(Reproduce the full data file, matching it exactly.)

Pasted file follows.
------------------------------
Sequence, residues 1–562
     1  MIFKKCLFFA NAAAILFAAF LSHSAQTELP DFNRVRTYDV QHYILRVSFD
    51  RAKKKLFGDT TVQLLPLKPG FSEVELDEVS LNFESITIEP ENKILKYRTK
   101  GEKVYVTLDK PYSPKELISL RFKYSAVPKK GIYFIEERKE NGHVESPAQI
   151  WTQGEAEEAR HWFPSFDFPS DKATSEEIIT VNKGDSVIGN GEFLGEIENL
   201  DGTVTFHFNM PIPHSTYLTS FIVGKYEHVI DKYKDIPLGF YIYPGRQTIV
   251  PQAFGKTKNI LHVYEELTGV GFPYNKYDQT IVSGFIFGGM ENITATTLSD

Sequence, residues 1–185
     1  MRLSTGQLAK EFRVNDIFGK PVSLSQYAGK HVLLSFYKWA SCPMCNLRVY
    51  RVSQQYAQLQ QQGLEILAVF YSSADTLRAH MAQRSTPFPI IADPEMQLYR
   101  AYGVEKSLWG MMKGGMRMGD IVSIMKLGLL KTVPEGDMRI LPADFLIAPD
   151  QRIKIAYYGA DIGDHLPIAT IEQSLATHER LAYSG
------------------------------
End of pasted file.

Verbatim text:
Sequence, residues 1–562
     1  MIFKKCLFFA NAAAILFAAF LSHSAQTELP DFNRVRTYDV QHYILRVSFD
    51  RAKKKLFGDT TVQLLPLKPG FSEVELDEVS LNFESITIEP ENKILKYRTK
   101  GEKVYVTLDK PYSPKELISL RFKYSAVPKK GIYFIEERKE NGHVESPAQI
   151  WTQGEAEEAR HWFPSFDFPS DKATSEEIIT VNKGDSVIGN GEFLGEIENL
   201  DGTVTFHFNM PIPHSTYLTS FIVGKYEHVI DKYKDIPLGF YIYPGRQTIV
   251  PQAFGKTKNI LHVYEELTGV GFPYNKYDQT IVSGFIFGGM ENITATTLSD

Sequence, residues 1–185
     1  MRLSTGQLAK EFRVNDIFGK PVSLSQYAGK HVLLSFYKWA SCPMCNLRVY
    51  RVSQQYAQLQ QQGLEILAVF YSSADTLRAH MAQRSTPFPI IADPEMQLYR
   101  AYGVEKSLWG MMKGGMRMGD IVSIMKLGLL KTVPEGDMRI LPADFLIAPD
   151  QRIKIAYYGA DIGDHLPIAT IEQSLATHER LAYSG